Courses anxiously wait for approval to tee off in 2020
In a normal year, weather is a northern Wisconsin golf course’s major enemy.
Obviously, 2020 is not a normal year.
While Sunday’s snowstorm is a reminder that winter is never gone for good in a Wisconsin April, it’s being deemed non-essential businesses by the governor that’s the biggest concern this spring for the Black River and Tee-Hi golf courses in Medford.
While the courses thawed out and started greening up nicely in the first two weeks of April, there was no certain opening date to shoot for due to Gov. Tony Evers’ shutdown of non-essential businesses in late March. The order currently is slated to end after April 24, but an extension is certainly possible if the spread of COVID-19 doesn’t slow down significantly in Wisconsin and throughout the nation.
The need for people to get outside and exercise was stressed in the March 24 order and state parks were allowed to remain open. While the maintenance of golf courses was declared essential and is allowed, courses were not allowed to stay open to the public, as many in the southern part of the state already were.
Last Thursday, Evers shut down 40 southern Wisconsin state properties that were becoming overrun with visitors.
“We would have opened up last Friday (April 3) already,” Black River Golf Course manager Gary Albrecht said last Thursday. “The course is in better shape now than it was all last summer. We have been out working on the course, working on the grass, cutting the greens, doing what we can so when we do open back up again we can get people out on the course.”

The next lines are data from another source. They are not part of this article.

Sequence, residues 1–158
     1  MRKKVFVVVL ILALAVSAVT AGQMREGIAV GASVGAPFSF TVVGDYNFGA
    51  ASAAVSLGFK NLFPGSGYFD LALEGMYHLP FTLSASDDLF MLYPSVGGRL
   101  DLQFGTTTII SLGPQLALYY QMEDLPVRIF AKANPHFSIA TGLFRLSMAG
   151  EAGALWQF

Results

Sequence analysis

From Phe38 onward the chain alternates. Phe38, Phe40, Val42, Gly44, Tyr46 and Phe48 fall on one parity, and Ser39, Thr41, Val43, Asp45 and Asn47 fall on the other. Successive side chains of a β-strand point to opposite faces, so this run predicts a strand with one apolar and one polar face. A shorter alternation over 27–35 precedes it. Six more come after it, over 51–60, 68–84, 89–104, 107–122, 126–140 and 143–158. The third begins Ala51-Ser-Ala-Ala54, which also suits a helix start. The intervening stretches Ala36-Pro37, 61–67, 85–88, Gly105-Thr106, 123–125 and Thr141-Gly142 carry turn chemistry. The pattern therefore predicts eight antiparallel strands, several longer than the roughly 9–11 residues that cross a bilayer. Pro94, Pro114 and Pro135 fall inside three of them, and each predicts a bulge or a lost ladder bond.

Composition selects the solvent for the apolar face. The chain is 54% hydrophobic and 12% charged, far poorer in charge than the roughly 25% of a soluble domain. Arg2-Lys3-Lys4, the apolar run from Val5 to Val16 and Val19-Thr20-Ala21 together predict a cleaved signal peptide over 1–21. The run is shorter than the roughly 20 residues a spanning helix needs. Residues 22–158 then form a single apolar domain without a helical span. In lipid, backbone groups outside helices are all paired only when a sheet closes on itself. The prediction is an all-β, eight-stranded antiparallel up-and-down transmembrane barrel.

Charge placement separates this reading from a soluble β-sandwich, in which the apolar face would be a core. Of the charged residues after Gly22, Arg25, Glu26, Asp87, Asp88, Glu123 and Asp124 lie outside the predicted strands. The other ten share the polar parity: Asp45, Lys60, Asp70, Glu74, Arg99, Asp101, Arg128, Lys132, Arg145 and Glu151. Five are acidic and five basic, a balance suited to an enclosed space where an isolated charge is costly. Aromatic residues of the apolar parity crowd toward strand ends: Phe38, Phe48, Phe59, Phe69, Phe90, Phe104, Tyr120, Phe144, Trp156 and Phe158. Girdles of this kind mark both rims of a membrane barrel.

The same day, Tee-Hi Golf Course manager Brian Thomas said that course was getting close to being ready, though forecasts of this direct hit from winter weren’t going to help.
“Last year we opened up May 1,” Thomas said. “If the weather would’ve cooperated, it looks like (this) week is going to be cold, not good, so that’s not going to push us ahead by any means. I would still say, if we’re given the OK, I’m still thinking the first week of May. Fingers crossed.”
Statewide, there has been significant public push back on Evers’ inclusion of golf course on the non-essential business list. Most notably, the Dunn County Sheriff’s Department, Menomonie Police Department and Dunn County’s Public Health Office quickly drew up social distancing guidelines for golf courses to adhere to and allowed them to open on March 31. Trempealeau County allowed three courses to open last week, but offi cials there changed their minds and closed the courses again by Saturday.
A “Let Wisconsin Golf” petition drive on change. org was nearing 66,000 signatures at the start of Easter weekend.
“I’ve got my fingers crossed,” Thomas said. “I’m hoping by the end of the month they relax that a little bit and say to the golf courses, ‘do your thing and be smart about it.’” Albrecht and Thomas both said they are prepared to implement social distancing measures on their respective courses, if need be when they are allowed to open. Those would include things like keeping clubhouses and on-course restrooms closed, limiting access to golfers who have already paid membership dues, limiting group sizes, taking out flag pins and ball washers and raising the cups in the holes.